‘Consuming Spirits’

Consuming Spirits (2012, Chris Sullivan)
Another delightful poll result was the turnout for Don Hertzfeldt’s DIY animated feature It’s Such a Beautiful Daya film that had next to no theatrical life, but has gained a cult following on VOD, and ranked second in the poll only to Hayao Miyazaki‘s The Wind Rises among animated films. As great as that film is, I’m still haunted by Sullivan’s handmade vision of Appalachia, which applies an eclectic array of animation techniques to portray a wholly original gothic universe. It plays like a moonlit trek through an overgrown thicket of crudely exquisite images, flowery linguistic turns and stunning personal traumas, lovely, dark and deep.

Goodbye to Language (2014, Jean-Luc Godard)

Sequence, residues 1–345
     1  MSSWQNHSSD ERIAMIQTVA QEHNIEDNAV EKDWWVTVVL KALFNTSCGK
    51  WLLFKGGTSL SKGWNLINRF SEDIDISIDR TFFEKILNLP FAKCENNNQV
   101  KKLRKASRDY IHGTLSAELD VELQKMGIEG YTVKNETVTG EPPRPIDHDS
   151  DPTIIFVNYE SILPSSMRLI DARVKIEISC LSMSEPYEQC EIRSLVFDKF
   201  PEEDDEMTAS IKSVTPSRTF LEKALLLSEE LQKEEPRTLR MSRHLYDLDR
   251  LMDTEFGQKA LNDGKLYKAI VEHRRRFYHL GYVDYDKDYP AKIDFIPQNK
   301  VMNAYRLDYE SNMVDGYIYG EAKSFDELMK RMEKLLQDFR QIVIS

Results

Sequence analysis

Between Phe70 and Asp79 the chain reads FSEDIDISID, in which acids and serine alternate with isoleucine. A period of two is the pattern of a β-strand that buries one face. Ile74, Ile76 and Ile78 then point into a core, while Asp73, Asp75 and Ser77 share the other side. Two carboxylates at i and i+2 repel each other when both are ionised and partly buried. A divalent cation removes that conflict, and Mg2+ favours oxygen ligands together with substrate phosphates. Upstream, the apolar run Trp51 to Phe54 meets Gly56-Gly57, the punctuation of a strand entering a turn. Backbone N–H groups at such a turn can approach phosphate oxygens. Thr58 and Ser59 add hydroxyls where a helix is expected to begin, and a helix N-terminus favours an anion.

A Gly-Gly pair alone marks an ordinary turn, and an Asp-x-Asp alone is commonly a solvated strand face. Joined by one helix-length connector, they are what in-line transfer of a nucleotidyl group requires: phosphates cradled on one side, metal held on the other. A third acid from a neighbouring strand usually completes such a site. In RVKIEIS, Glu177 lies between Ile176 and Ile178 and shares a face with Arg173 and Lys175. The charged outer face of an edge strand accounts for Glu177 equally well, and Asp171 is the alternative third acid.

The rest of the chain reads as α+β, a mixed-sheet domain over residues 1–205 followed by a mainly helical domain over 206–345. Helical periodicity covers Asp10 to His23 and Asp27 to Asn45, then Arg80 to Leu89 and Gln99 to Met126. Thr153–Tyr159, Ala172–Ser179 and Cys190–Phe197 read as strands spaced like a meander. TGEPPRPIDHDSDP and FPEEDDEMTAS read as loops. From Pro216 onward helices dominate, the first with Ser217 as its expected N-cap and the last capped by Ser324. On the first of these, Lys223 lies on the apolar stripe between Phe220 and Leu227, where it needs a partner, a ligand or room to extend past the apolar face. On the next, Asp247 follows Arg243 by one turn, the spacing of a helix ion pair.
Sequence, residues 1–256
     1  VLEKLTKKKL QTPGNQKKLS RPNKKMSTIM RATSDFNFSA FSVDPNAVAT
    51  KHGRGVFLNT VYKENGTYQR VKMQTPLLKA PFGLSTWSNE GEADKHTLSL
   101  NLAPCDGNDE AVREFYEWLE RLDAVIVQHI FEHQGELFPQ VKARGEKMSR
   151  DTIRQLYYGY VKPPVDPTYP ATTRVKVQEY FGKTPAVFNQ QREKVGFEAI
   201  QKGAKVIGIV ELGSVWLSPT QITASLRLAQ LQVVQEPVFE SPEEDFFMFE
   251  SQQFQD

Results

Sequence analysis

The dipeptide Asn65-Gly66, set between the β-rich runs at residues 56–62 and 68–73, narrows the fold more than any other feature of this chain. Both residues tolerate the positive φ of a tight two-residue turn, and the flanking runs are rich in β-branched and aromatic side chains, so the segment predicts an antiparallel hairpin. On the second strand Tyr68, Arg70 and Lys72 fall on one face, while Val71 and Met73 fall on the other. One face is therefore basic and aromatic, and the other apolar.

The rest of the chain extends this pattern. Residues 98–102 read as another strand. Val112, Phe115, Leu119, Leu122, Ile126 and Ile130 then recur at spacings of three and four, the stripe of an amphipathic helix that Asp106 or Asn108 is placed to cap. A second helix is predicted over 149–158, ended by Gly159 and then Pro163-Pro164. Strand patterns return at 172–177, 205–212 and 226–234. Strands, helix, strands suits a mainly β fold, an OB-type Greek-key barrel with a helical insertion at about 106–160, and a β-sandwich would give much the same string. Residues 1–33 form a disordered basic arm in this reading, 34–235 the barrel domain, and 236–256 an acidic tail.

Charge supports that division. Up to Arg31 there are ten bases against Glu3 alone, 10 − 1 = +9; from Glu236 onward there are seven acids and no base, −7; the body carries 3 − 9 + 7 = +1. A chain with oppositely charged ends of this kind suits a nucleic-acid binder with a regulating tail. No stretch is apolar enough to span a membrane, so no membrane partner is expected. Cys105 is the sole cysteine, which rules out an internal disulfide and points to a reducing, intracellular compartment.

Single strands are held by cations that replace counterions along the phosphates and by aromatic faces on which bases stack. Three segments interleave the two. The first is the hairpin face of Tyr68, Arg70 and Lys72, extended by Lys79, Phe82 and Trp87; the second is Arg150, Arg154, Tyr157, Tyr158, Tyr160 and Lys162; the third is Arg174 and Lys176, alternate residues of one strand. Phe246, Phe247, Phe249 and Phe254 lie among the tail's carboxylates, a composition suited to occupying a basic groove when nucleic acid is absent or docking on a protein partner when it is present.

Covered previously here, this is your reigning National Society of Film Critics champion, Oscar-mongering be damned.

Horse Money (2014, Pedro Costa)
Due for release later this year, Costa’s follow up to his celebrated Fontainhas trilogy bears many years of toil and bitterness. The Fontainhas slums that he lovingly filmed no longer exist, and so this film makes its way through a world of shadows and ruin, rooted mostly in memory. Costa’s lead Ventura returns, visibly broken and functioning as both the conjurer and the victim of a host of traumas and ghostly figures who pass the screen. They are rendered in Costa’s trademark use of standard definition digital video, creating dark and sensuous textures, renouncing HD hyperclarity for a more subtle, contemplative beauty rooted in reflection upon a lifetime of national and personal pain.

Neighboring Sounds (2012, Kleber Mendonça Filho)
Nostalgia for the Light (2010, Patricio Guzmán)